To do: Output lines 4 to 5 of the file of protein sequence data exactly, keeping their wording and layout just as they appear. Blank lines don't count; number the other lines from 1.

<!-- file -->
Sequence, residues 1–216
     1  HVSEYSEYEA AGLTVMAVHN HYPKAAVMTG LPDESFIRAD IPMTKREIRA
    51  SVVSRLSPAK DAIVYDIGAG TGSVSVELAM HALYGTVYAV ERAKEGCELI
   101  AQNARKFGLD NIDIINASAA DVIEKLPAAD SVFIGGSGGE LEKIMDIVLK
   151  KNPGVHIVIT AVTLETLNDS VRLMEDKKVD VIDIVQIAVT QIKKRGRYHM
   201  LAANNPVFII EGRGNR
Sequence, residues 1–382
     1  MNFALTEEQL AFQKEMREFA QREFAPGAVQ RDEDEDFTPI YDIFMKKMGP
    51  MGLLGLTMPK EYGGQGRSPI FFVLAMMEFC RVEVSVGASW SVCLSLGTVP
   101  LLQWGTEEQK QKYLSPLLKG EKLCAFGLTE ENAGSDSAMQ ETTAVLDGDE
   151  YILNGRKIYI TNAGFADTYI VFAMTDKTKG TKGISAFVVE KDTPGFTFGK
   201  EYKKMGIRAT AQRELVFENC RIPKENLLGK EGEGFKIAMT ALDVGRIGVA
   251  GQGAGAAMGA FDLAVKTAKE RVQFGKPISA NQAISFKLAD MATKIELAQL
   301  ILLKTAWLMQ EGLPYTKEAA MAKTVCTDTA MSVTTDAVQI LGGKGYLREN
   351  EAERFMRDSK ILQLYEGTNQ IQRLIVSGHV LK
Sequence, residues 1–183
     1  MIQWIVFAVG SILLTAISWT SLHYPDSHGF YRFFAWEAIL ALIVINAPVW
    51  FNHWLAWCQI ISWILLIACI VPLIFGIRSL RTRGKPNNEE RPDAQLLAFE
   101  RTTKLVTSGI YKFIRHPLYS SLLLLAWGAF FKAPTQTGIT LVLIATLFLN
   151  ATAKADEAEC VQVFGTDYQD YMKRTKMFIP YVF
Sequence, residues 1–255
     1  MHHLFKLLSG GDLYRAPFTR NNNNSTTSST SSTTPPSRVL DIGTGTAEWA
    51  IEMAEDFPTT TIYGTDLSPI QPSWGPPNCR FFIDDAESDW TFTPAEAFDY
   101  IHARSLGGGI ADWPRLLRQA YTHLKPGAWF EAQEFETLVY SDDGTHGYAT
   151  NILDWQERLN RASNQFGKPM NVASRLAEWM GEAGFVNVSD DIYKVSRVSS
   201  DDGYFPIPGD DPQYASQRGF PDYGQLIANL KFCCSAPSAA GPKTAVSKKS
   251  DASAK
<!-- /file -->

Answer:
   101  AQNARKFGLD NIDIINASAA DVIEKLPAAD SVFIGGSGGE LEKIMDIVLK
   151  KNPGVHIVIT AVTLETLNDS VRLMEDKKVD VIDIVQIAVT QIKKRGRYHM